Quantitative and qualitative effects of isoflurane on movement occurring after noxious stimulation

Joseph F. Antognini, Xiao Wei Wang, Earl Carstens

Research output: Contribution to journalArticle

36 Scopus citations

Abstract

Background: Anesthetic potency is assessed by determination of the anesthetic concentration that prevents gross, purposeful movement in response to noxious stimulation. It is unclear whether anesthetics cause a progressive decrease in the number and force of limb movements evoked by noxious stimulation, or a step decrease (consistent with an all-or-none effect at the site of action). The authors hypothesized that isoflurane and halothane would progressively depress the movement response. Methods: Isoflurane minimum alveolar concentration (MAC) was determined in rats (N = 14) using a clamp applied to a hind paw. Lateral head movements and flexions of the forelimbs and hindlimbs were measured with force transducers. Isoflurane was adjusted to 0.6, 0.9, 1.1, and 1.4 MAC, the noxious stimulus applied, and the force and number of limb and head movements determined. Force and movement determinations were made in seven additional halothane-anesthetized rats. Results: Isoflurane MAC was 1.3 ± 0.1%. In general, if movement occurred after application of the noxious clamp, the head and all limbs were involved. At 0.6 MAC, the median number of extremity and head movements was 3.5 (10th- 90th percentile, 2.0-11.4) with force generated per movement (force/movement) = 6.4 (2.0-13.2) N-s. Movement number decreased to 2.1 (0.25-4.2) at 0.9 MAC (P < 0.05), but force/movement was unchanged at 4.5 (0.4-15.1) N-s (Newton- second). At 1.1 MAC, movement number and force/movement decreased to 0.2 (0.0-1.5) and 0.1 (0.0-3.2) N-s, respectively (P < 0.005). No significant movement occurred at 1.4 MAC. The halothane-anesthetized rats had similar findings, although at 0.6 MAC they generated more movements (10.5 [5.2-19.8]) than the rats receiving isoflurane (P < 0.05). Conclusions: The results indicate that increasing anesthetic concentration from 0.6 to 0.9 MAC had little effect on the motor system controlling the force of limb movements, and the neural system generating repeated limb movements was depressed, consistent with a differential anesthetic effect at separate sites.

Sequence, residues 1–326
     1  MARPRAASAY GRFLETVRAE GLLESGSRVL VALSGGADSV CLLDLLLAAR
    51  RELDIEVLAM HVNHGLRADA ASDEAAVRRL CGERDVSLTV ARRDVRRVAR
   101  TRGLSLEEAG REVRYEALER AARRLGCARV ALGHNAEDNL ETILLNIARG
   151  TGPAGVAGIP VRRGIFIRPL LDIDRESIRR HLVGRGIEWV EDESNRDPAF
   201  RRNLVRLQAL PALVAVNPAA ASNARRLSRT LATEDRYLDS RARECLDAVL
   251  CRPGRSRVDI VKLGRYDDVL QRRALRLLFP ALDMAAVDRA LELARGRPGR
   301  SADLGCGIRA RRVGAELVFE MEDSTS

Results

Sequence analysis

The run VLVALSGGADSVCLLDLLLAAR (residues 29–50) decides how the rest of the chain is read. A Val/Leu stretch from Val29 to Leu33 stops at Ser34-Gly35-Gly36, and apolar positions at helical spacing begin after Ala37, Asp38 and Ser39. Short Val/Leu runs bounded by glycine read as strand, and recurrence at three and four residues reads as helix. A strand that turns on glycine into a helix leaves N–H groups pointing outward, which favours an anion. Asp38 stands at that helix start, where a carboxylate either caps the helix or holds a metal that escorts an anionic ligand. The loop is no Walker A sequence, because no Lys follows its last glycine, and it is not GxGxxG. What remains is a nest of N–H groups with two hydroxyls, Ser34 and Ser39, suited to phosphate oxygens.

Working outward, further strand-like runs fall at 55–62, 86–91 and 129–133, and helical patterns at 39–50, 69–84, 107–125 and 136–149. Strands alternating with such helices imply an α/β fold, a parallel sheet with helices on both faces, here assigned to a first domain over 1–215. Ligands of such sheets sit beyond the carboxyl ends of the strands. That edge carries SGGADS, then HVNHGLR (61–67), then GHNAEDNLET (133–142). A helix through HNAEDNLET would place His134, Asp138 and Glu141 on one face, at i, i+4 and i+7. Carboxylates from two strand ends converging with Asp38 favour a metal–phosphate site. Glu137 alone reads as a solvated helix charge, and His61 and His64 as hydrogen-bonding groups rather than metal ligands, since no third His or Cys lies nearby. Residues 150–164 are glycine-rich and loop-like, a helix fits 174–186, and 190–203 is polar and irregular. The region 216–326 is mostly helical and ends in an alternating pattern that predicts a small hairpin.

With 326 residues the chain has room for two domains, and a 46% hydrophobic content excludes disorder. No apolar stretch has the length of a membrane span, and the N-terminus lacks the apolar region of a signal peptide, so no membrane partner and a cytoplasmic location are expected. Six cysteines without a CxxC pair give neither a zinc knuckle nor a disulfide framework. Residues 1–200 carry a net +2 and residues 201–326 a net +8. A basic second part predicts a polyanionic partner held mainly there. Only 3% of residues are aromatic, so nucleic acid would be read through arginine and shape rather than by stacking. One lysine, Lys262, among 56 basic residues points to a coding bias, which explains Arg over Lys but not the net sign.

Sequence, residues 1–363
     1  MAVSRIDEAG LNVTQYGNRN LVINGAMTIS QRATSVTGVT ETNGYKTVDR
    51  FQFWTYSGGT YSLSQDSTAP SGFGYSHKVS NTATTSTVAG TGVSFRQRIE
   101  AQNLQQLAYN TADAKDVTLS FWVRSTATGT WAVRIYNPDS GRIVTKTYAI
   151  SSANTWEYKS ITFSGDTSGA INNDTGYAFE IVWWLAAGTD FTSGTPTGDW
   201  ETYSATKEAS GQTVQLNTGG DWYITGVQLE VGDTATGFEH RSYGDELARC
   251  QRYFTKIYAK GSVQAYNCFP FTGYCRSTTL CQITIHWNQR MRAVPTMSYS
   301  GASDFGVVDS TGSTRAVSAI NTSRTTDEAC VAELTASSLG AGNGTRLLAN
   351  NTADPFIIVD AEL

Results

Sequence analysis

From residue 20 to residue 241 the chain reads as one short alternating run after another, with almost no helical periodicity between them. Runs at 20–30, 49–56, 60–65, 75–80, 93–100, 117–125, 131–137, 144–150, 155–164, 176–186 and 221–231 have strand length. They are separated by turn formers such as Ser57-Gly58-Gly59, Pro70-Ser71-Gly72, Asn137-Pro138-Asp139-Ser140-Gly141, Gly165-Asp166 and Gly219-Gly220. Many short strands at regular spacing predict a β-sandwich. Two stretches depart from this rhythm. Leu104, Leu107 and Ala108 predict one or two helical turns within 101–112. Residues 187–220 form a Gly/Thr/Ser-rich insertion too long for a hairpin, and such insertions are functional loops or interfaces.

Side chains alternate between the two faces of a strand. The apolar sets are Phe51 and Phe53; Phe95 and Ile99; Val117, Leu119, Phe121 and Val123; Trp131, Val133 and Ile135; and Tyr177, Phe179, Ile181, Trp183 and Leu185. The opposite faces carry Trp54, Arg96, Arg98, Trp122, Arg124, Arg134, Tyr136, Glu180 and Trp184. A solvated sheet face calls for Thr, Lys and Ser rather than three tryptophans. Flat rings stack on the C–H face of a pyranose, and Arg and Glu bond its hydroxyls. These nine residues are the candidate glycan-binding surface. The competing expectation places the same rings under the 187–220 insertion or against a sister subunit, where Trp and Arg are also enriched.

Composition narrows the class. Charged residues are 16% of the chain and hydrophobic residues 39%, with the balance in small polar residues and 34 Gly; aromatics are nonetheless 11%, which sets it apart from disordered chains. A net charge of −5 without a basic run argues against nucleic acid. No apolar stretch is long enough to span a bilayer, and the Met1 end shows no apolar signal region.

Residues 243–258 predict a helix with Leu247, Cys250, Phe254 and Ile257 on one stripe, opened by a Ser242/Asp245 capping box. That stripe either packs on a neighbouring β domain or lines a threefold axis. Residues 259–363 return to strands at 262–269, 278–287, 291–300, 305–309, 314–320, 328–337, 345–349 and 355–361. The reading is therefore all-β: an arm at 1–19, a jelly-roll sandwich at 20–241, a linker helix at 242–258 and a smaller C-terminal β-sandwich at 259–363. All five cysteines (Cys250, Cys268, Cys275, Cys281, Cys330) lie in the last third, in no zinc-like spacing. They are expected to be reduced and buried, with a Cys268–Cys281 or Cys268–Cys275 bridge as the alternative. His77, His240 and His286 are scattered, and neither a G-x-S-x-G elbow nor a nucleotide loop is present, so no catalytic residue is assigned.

Original languageEnglish (US)
Pages (from-to)1064-1071
Number of pages8
JournalAnesthesiology
Volume91
Issue number4
DOIs
StatePublished - Oct 1999
Externally publishedYes

Keywords

  • Brain
  • Pain
  • Spinal cord

ASJC Scopus subject areas

  • Anesthesiology and Pain Medicine

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